Although the safety camera alerts need a few little tweeks, this doesn’t stop them from being a seriously good feature of this device. Not only will it alert within a certain distance which you of course can amend, you can even add cameras that you come across to the database so that it will come up in future for you.

The dash cam can be used to take pictures at any point by touching the little camera icon on screen. This would primarily be used to take pictures of your car when damage has occurred or while mounted on the windscreen if you want to take a picture of anything in front of you.  Here is an example of the picture quality at night.


Night picture


Along with the GPS, Mio have included a G-Sensor inside to pick up any collisions or hard braking that may occur. I tried with a little bit of emergency braking and the system worked well. The device notified me with a “ting” sound that it had saved that recording to the SD card for me to look at later.

Now I know if you are reading this then you are technically inclined and would want this stuffed with every bit of tech available to man, but really their is no point to this camera if the footage is not very good, so here it is in full glory;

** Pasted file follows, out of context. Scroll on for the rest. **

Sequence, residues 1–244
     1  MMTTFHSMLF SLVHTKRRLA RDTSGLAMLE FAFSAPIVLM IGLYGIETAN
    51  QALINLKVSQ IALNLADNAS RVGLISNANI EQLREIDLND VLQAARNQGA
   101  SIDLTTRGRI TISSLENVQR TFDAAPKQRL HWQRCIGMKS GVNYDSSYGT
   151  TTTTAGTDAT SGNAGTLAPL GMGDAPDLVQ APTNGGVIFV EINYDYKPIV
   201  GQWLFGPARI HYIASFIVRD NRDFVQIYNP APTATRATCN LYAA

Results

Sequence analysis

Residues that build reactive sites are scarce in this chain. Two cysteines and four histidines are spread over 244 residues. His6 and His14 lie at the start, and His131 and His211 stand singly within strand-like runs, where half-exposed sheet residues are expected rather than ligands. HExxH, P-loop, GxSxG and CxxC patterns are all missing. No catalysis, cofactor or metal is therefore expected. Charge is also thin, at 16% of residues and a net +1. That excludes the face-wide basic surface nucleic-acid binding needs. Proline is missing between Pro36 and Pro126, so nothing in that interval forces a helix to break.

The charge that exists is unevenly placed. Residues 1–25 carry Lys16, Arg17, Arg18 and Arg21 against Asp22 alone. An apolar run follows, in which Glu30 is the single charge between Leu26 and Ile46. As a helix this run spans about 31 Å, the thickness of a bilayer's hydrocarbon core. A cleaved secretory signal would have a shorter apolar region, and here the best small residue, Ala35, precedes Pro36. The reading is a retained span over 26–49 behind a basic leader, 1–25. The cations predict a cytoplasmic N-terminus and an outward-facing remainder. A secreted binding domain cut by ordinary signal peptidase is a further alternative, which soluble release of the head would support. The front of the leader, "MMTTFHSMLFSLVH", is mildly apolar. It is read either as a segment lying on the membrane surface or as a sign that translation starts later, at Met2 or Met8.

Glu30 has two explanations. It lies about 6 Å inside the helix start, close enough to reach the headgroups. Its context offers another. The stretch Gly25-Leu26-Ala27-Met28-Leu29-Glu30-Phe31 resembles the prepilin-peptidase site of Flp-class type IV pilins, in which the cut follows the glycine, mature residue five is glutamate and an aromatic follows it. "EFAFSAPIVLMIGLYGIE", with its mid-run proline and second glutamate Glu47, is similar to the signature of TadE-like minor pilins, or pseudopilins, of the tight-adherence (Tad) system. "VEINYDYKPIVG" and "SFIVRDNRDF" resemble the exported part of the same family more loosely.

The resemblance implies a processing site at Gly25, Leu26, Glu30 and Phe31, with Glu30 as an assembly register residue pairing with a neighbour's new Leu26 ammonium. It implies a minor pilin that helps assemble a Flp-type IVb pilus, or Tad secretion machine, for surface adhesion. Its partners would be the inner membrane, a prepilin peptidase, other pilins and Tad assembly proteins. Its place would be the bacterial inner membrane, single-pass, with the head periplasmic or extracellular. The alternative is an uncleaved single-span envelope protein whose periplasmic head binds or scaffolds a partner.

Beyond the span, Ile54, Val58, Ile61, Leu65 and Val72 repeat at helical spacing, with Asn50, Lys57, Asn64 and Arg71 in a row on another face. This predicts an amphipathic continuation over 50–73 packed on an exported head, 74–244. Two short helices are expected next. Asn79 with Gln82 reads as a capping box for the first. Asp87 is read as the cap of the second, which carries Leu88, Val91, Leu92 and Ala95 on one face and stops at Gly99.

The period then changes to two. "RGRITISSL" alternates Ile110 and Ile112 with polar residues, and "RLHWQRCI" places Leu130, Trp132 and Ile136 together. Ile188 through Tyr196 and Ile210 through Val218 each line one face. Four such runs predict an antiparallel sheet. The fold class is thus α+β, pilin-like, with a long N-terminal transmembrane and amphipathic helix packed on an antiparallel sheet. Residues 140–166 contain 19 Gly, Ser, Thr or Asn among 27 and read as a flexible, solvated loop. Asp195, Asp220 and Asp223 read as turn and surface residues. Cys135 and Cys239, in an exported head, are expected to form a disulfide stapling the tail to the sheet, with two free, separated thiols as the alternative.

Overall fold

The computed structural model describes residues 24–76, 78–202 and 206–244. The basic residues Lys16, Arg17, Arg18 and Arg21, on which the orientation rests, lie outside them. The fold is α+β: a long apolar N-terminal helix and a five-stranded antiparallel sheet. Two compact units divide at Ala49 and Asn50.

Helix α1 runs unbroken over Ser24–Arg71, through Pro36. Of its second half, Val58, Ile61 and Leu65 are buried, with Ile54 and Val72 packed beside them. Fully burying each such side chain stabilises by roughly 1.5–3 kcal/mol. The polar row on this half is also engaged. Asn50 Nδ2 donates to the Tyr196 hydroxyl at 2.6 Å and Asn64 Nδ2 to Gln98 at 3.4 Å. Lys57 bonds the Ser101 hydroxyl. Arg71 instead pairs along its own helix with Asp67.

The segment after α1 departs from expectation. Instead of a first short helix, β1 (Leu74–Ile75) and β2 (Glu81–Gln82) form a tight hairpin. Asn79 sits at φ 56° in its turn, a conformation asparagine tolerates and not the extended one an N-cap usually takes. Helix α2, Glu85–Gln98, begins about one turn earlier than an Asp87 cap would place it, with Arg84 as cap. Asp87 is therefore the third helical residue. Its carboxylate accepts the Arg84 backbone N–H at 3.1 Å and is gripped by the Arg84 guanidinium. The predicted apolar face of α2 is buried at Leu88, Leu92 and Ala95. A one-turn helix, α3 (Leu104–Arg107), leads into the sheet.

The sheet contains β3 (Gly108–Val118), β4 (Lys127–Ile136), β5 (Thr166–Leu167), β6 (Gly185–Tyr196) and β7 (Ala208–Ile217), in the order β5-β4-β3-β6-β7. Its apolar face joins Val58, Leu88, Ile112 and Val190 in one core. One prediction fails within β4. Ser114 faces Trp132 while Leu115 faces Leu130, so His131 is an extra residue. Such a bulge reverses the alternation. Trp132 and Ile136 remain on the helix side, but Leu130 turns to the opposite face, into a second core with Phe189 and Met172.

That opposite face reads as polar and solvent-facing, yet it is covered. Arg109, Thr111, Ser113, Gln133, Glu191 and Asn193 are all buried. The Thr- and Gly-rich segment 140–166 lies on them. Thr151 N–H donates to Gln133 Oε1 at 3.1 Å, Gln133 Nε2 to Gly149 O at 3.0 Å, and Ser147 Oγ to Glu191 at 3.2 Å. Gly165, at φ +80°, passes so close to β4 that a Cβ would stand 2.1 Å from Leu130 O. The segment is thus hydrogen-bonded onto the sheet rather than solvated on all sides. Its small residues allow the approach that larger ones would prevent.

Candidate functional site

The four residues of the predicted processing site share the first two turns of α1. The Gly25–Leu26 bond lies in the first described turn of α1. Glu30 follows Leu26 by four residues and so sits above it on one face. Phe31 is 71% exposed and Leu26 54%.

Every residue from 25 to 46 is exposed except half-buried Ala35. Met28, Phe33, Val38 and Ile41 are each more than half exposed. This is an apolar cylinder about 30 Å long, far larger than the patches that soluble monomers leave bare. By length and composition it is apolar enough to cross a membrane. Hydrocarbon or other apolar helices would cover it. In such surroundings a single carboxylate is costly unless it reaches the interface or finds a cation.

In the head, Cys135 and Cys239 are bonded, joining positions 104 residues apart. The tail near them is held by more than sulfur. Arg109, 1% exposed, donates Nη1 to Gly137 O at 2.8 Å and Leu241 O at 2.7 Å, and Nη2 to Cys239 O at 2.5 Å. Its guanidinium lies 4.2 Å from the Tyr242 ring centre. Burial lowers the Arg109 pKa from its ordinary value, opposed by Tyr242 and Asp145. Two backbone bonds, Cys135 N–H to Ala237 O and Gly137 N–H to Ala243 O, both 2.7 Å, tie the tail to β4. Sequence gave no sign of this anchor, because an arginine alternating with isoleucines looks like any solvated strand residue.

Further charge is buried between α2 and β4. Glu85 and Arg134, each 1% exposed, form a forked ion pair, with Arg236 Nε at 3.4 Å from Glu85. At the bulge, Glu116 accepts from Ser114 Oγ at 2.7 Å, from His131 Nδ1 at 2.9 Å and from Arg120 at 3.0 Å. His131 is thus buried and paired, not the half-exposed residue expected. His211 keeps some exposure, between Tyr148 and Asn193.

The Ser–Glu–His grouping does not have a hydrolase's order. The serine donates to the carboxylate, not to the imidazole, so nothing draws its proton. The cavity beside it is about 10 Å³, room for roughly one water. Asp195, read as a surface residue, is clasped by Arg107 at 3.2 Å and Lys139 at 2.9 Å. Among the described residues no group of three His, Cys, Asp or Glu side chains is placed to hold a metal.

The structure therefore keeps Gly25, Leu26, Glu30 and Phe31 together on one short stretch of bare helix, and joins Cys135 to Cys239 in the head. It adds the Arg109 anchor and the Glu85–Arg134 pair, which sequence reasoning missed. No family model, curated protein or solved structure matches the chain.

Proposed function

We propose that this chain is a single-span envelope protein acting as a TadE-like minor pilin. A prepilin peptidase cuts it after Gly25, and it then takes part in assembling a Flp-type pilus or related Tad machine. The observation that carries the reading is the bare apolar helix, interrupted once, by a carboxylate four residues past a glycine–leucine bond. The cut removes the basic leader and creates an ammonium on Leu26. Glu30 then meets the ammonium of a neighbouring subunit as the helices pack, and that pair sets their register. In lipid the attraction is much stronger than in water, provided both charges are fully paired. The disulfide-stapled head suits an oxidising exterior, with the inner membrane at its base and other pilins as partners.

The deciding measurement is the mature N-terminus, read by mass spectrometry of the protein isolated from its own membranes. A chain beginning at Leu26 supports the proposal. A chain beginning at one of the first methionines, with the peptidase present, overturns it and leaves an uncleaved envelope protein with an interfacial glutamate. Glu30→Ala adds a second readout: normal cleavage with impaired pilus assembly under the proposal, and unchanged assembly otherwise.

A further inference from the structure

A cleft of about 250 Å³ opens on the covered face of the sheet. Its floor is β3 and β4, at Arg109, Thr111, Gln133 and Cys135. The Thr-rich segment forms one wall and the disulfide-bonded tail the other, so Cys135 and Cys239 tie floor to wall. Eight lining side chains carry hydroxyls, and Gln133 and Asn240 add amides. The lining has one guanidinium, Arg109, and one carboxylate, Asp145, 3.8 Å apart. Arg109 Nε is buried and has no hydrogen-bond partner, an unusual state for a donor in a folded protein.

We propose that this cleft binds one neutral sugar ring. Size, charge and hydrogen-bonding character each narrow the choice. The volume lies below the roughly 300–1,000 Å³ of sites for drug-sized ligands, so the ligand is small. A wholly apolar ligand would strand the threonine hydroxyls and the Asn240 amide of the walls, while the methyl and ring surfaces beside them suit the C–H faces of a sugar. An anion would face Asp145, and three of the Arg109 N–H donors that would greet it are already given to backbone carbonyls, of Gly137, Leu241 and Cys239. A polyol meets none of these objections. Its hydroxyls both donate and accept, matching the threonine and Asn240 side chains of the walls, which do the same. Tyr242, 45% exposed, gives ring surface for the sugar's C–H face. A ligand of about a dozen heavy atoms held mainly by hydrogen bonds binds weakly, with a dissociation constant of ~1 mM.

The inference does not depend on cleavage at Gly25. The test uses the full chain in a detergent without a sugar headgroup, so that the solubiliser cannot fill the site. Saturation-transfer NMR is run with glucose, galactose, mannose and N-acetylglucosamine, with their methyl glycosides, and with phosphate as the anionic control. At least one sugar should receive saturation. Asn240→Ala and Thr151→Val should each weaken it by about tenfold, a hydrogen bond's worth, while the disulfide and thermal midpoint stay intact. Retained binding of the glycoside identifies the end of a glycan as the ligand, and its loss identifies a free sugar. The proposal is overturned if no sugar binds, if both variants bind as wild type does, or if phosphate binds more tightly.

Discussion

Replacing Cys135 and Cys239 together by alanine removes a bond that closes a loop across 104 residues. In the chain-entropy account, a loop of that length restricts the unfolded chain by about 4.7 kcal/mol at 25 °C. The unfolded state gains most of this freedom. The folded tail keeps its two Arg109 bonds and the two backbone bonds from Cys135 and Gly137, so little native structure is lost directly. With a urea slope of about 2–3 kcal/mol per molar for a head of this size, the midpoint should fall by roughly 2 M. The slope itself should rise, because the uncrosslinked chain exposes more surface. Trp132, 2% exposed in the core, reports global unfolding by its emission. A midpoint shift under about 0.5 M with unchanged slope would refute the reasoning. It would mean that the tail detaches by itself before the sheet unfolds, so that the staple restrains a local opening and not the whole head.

Day Footage:

Dark Footage:


The device allows you to decide whether you want sound recorded in the car, we have toggled this feature off.

I do like this camera and think that pretty much everyone will get on with it. The instructions are not the best, but we come across a lot of devices like that nowadays. This wouldn’t sway me from recommending it or buying it as it is so easy to set up out of the box.

If Mio can sort out the software issue concerning speed units, then we will have ourselves an almost perfect dash board camera.

If you are looking for a Dashcam for your car, this is one of the best I have reviewed.